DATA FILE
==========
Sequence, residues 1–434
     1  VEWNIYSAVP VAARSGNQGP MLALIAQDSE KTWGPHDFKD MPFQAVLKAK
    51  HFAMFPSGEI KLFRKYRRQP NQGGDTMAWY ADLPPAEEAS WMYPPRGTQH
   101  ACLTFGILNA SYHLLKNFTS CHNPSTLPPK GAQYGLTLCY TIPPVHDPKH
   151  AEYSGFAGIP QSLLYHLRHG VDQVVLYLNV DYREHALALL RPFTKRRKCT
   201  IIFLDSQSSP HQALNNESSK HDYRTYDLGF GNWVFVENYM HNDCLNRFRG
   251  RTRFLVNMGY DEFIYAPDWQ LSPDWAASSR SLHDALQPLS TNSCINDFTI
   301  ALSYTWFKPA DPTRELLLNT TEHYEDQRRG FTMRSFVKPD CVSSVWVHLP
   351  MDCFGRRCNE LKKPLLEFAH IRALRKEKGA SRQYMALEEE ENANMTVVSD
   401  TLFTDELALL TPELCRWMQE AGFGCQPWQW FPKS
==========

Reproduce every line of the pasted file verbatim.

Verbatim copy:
Sequence, residues 1–434
     1  VEWNIYSAVP VAARSGNQGP MLALIAQDSE KTWGPHDFKD MPFQAVLKAK
    51  HFAMFPSGEI KLFRKYRRQP NQGGDTMAWY ADLPPAEEAS WMYPPRGTQH
   101  ACLTFGILNA SYHLLKNFTS CHNPSTLPPK GAQYGLTLCY TIPPVHDPKH
   151  AEYSGFAGIP QSLLYHLRHG VDQVVLYLNV DYREHALALL RPFTKRRKCT
   201  IIFLDSQSSP HQALNNESSK HDYRTYDLGF GNWVFVENYM HNDCLNRFRG
   251  RTRFLVNMGY DEFIYAPDWQ LSPDWAASSR SLHDALQPLS TNSCINDFTI
   301  ALSYTWFKPA DPTRELLLNT TEHYEDQRRG FTMRSFVKPD CVSSVWVHLP
   351  MDCFGRRCNE LKKPLLEFAH IRALRKEKGA SRQYMALEEE ENANMTVVSD
   401  TLFTDELALL TPELCRWMQE AGFGCQPWQW FPKS